In discussing Ukraine whistleblower, Valerie Plame calls her own outing ‘devastating’

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A former CIA operative whose name was publicly revealed by an official in the George W. Bush administration said being “unmasked” as part of partisan politics completely changed her life and, while the situation is different, she can sympathize with the whistleblower at the heart of the impeachment inquiry.

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In the weeks since an anonymous whistleblower complaint raised concerns about the Trump administration’s dealings in Ukraine, President Trump and some of his allies have called for the whistleblower’s identity to be made public, despite concerns from other lawmakers and the whistleblower’s attorneys that it could put the individual and his or her family at risk.

Trump has repeatedly called for the whistleblower to be identified or compelled to testify as part of the impeachment inquiry, implying they may have been politically motivated to file a complaint against him, a claim the individual’s attorneys have denied.

“Like every American, I deserve to meet my accuser, especially when this accuser, the so-called “Whistleblower,” represented a perfect conversation with a foreign leader in a totally inaccurate and fraudulent way,” Trump tweeted in September.

Sen. Rand Paul, R-Ky., threatened to use the whistleblower’s name on the Senate floor this week and told the crowd at a political rally with Trump that “we know the name of the whistleblower.”

Other Republicans and Democrats disagreed with Paul’s comments, saying the whistleblower’s identity is not important to the impeachment investigation and that ‘outing’ them goes against the spirit of whistleblower protection laws.

Valerie Plame said she doesn’t consider herself or her former husband a whistleblower — her husband, Joe Wilson, wrote an op-ed critical of the Iraq war with his name attached in 2003. He died earlier this year.

But Plame said she dealt with the backlash of being identified after working undercover, forcing her to stop and face concerns about the safety of her family and her assets.

“It’s a sense of being ‘unmasked’ and your life going from some sense of normalcy to insanity in no time,” Plame said of being publicly identified while working undercover for the CIA.

“For me, it was devastating. It felt like a punch in the gut. I loved my job, I was so proud to serve my country, I was working on the nuclear threat for the CIA. And through partisan politics, all of a sudden my name was out there,” Plame told ABC News on Thursday as the controversy continued regarding calls to out the whistleblower’s identity.

Daniel Zuchnik/Getty Images, FILE

In this Oct. 24, 2018, file photo, Valerie Plame attends the Build Series to discuss the film ‘Fair Game’ at Build Studio in New York.

(MORE: Former CIA agent outed as spy is running for Congress)
(MORE: As Trump says, ‘Where’s the whistleblower?’ Dems attempt to keep identity secret)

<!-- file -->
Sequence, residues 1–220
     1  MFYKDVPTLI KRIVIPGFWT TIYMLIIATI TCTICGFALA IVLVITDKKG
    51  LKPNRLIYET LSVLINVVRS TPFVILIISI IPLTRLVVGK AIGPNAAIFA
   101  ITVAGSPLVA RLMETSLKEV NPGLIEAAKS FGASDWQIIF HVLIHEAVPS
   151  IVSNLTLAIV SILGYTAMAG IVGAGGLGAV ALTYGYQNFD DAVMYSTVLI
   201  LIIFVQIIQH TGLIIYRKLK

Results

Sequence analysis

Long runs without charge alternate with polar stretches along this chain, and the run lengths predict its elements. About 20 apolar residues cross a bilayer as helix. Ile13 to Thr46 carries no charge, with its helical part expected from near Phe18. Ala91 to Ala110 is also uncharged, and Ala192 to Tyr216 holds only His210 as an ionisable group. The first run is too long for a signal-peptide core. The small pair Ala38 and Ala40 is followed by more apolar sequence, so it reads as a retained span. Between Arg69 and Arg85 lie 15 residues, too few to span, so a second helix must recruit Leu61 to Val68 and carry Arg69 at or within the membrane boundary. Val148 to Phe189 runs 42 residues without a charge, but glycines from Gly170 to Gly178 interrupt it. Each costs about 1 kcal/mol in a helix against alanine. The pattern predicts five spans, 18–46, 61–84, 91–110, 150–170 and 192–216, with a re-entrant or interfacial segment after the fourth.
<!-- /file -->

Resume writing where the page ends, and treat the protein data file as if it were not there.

Plame gained public attention in 2003 after her identity as a covert CIA operations officer was leaked by officials in the Bush White House after her then-husband, former U.S. Ambassador Joe Wilson, publicly criticized the administration’s decision to invade Iraq.

Eight days after Wilson published his op-ed, columnist Robert Novak identified Plame as an “agency operative on weapons of mass destruction,” and cited two senior administration officials in his piece “Mission to Niger.”

The revelation culminated in the conviction of Lewis “Scooter” Libby, then-Vice President Dick Cheney’s former chief of staff. He was sentenced to 30 months in prison in 2007 for lying to the FBI and obstructing justice in the investigation into the leak of Plame’s identity. Libby’s sentence was commuted by Bush and he was pardoned by President Donald Trump in April of last year.

Plame is currently running for Congress in New Mexico, where her family relocated after Libby was convicted.

She said she sees the talk about publicly identifying the whistleblower as harassment to distract from the substance of the impeachment investigation. Even though a whistleblower is not always protected from being identified by members of Congress or the president, it is illegal to retaliate or punish a whistleblower for coming forward.

Several lawmakers and the Ukraine whistleblower’s attorneys have raised concerns about the safety of the whistleblower and his or her family and have said forcing their identity to become part of the impeachment inquiry could put them at unnecessary risk and scare away other potential whistleblowers.

Richard Drew/AP, FILE

Film director Doug Liman, left, and former undercover CIA officer Valerie Plame are interviewed on Cheddar, on the floor of the New York Stock Exchange, Oct. 22, 2018.

Plame said she hoped her experience was a one-off, but said she’s seeing similar patterns as the president and his supporters attack the whistleblower that prompted questions about his role in Ukraine.

“I found it a continual surprise, I guess, that my own government would out me and I’m working on something that supposedly I said was most important to them,” Plame said of being outed by the administration while working for the CIA.

(MORE: Trump whistleblower’s lawyers have ‘serious concerns’ for client’s personal safety)

She said she feels for the whistleblower at the heart of the public debate around impeachment and would encourage them to take precautions to keep their friends and family safe.

“This whistleblower’s life as it is, is going to change irrevocably,” Plame said.

Sourse: abcnews.go.com

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